China's property sector looks set to be the country's major driver of steel demand in the third quarter as domestic manufacturing continues to struggle and infrastructure growth is unlikely to accelerate from the levels seen at the start of 2019 when Beijing unleashed liquidity into the system via local government bonds.
However downward pressure remains on China's economic growth prospects, with the recent escalation of the US-China trade dispute casting a shadow over major steel-consuming manufacturing industries such as vehicles and auto parts, machinery and some home appliances.
China's economic data for April was weaker than the market had expected, especially for fixed asset investment in manufacturing and total consumer goods retail sales.
Recent manufacturing data for May was also weak, with the National Bureau of Statistics' PMI coming in at 49.4 points, indicating the sector is technically in contraction.
Fortunately for steel demand, China's property sector has been robust to date in 2019, while infrastructure construction has also picked up steadily this year. The two sectors combined account for more than 50% of China's total steel consumption.
With construction activity having entered its seasonally slower period, Chinese steel prices will come under pressure from a lack of demand and soaring steel output in the next couple of months. However, the property sector is expected to remain strong for the remainder of the year given China's proactive monetary measures, which could see the steel market recover in Q3 when construction picks up again.
The outlook is less certain for manufacturing, which some steel market participants believe may bottom out in Q3 before starting to improve.
Consumption of consumer goods has slowed due to China's deleveraging campaign that started in early 2018. The ongoing trade dispute with the US has compounded bearish consumer sentiment and undermined China's real economy at a faster rate in 2019 than in 2018 in the wake of US tariffs imposed on Chinese goods on September 24 last year and raised on May 10.
In order to boost consumption and offset US tariffs, China introduced proactive monetary measures, such as reducing reserve requirement ratios (the amount of cash banks need to keep on hand) four times in 2018 and twice to date in 2019. Fiscal stimulus has also been stepped up, from speeding up government spending to cutting value added tax from 16% to 13% on April 1.
But so far, little improvement has been seen on the consumption side, as April's economic data showed.
The biggest dent was due to retail vehicle sales, which fell 2.1% on year in April. Both auto output and sales slumped by 15% on year in April, accelerating from 3% and 5% year-on-year decreases in March, respectively.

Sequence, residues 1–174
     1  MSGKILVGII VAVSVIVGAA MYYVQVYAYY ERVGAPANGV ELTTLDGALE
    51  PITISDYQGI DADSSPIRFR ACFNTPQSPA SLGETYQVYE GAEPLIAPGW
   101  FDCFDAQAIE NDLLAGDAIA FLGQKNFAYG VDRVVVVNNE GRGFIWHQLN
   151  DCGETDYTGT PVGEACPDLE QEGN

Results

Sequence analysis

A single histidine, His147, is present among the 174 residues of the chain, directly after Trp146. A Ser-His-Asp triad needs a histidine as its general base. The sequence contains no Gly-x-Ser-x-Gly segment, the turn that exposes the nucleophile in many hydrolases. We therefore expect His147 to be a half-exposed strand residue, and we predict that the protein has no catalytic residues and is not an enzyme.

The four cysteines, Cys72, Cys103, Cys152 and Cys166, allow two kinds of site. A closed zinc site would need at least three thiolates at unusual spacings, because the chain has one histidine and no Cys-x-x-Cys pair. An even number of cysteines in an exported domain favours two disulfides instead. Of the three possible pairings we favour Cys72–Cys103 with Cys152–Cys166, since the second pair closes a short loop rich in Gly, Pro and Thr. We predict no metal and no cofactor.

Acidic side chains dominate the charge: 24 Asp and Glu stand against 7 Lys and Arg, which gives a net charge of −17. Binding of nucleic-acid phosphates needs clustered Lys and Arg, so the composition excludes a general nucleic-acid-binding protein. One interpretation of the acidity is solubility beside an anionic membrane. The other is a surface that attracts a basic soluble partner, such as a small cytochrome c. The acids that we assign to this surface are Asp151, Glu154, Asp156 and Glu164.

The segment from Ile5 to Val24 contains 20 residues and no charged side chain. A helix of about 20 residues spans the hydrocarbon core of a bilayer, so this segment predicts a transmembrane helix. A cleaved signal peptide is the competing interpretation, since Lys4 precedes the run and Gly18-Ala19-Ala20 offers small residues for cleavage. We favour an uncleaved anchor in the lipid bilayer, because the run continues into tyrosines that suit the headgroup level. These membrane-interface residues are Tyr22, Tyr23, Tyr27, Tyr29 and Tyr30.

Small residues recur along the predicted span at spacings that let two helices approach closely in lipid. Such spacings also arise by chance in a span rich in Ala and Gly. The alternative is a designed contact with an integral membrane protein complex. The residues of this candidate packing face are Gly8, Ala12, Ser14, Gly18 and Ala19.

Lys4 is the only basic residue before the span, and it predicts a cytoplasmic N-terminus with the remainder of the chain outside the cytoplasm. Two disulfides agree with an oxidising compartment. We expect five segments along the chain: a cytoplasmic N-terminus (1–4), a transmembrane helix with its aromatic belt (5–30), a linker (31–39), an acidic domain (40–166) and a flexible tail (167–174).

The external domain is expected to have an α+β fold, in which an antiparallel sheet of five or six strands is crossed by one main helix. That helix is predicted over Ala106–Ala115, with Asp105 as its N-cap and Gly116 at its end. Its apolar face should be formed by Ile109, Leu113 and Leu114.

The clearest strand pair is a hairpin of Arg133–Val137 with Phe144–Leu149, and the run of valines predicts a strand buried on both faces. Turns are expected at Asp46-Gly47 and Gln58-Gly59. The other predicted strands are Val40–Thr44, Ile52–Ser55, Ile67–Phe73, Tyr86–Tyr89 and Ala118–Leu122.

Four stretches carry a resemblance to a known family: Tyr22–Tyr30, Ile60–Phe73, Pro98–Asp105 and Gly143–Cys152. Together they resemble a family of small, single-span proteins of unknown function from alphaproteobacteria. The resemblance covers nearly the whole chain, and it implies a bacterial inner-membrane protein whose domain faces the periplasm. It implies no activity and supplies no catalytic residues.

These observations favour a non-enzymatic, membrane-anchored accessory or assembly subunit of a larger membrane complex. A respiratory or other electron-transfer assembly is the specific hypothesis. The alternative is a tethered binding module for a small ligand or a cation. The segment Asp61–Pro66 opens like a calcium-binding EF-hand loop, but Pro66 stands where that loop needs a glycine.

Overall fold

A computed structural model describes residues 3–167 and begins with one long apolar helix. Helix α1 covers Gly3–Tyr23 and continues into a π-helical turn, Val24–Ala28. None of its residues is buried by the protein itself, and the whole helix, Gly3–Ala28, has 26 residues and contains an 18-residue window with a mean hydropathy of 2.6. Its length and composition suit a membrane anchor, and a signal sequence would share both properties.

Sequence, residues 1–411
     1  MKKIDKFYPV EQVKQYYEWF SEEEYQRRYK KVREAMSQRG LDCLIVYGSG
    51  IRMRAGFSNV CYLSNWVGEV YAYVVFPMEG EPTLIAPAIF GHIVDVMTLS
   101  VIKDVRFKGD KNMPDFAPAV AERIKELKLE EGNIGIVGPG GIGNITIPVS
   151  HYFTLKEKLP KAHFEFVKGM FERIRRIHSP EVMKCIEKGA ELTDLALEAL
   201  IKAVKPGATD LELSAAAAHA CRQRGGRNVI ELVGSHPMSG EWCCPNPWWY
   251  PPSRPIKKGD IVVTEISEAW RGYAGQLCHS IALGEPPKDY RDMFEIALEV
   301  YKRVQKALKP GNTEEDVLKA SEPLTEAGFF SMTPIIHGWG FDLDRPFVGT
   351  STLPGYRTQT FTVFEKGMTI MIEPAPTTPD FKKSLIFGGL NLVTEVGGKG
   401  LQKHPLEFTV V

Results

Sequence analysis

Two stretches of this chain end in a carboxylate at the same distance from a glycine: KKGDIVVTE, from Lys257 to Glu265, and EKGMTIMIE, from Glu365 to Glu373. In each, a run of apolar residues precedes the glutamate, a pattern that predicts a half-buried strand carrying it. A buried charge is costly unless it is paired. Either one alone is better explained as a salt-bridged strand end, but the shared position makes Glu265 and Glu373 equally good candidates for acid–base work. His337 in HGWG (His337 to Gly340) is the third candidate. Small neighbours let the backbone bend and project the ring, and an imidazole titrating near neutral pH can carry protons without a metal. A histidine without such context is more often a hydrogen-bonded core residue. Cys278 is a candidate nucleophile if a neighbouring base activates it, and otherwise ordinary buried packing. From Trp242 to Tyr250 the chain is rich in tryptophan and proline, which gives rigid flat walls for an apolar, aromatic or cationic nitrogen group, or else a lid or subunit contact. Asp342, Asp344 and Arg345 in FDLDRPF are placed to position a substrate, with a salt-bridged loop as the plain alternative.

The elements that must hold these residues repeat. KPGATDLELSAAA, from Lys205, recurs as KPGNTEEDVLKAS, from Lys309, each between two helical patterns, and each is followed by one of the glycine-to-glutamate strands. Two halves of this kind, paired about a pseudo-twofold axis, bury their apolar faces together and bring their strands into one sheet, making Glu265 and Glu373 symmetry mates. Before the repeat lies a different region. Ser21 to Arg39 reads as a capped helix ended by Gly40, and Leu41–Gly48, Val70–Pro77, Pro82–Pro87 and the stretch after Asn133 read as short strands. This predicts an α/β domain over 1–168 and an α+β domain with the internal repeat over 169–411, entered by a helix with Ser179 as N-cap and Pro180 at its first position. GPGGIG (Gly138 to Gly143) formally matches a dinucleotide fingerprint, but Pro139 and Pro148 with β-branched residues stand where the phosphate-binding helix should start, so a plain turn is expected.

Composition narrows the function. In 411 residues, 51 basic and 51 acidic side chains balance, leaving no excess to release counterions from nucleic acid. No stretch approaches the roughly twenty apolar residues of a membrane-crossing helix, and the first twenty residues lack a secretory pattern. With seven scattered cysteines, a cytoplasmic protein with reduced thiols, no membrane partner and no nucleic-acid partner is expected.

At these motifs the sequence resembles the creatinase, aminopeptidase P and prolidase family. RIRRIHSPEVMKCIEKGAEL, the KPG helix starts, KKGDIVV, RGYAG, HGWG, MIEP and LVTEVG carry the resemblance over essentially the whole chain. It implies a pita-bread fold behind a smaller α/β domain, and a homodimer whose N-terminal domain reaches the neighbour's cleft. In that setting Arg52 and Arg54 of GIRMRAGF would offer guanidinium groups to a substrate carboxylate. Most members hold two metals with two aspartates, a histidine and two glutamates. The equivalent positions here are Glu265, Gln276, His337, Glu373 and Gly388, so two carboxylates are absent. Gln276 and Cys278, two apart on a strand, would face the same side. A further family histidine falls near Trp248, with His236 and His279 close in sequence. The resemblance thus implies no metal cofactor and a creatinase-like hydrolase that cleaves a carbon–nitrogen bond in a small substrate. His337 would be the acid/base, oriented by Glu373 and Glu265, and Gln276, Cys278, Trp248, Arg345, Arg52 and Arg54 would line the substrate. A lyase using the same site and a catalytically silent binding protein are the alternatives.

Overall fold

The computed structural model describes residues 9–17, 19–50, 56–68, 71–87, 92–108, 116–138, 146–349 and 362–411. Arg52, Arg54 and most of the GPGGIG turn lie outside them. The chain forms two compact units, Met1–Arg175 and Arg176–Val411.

Some steel market participants said vehicle output and sales would continue deteriorating in the short term given soaring vehicle inventories and depressed demand, especially for passenger cars.
One steel mill official said the car market was trying to destock through discounting. He said auto sheet profit margins were lower than margins for ordinary carbon flat steel, as car manufacturers had been clamping down on steel purchase prices. His company has already cut back auto sheet production.
China had set out to stabilize vehicle consumption in 2019 by supporting new energy vehicles and subsidizing replacement purchases of old and outdated vehicles. It has also moved forward the implementation of stricter vehicle emissions standards to July 1 this year from July 2020.
In addition, Chinese steel market watchers expect Beijing to ease its approach to deleveraging and credit schemes in the remainder of 2019, which could help support consumption.
Beijing is striving to present a stable economy to the world ahead of the 70th anniversary of the founding of the People's Republic of China on October 1, and may continue to pull fiscal levers if trade tensions with the US continue to erode consumer and investor confidence.
However, some steel market watchers said the strong fiscal expenditure growth over January-April was unlikely to continue over the rest of 2019 as revenue growth was likely to keep slowing as a result of tax cuts and falling land sales.
This means infrastructure construction, funded mainly by government spending, will continue to recover going into Q3, but only mildly.
The devaluation of China's currency is a potential threat to property developers, as foreign currency debt typically makes up about 30% of total borrowing for Chinese developers, S&P Global Ratings said in a recent report. The offshore yuan had devalued by 4.2% against the US dollar between mid-April and mid-May.
However, as long as property sales remain strong enough to support revenue and profit margins, the sector has financial and liquidity buffers to withstand some currency pressure, it added.
Source: S&P Platts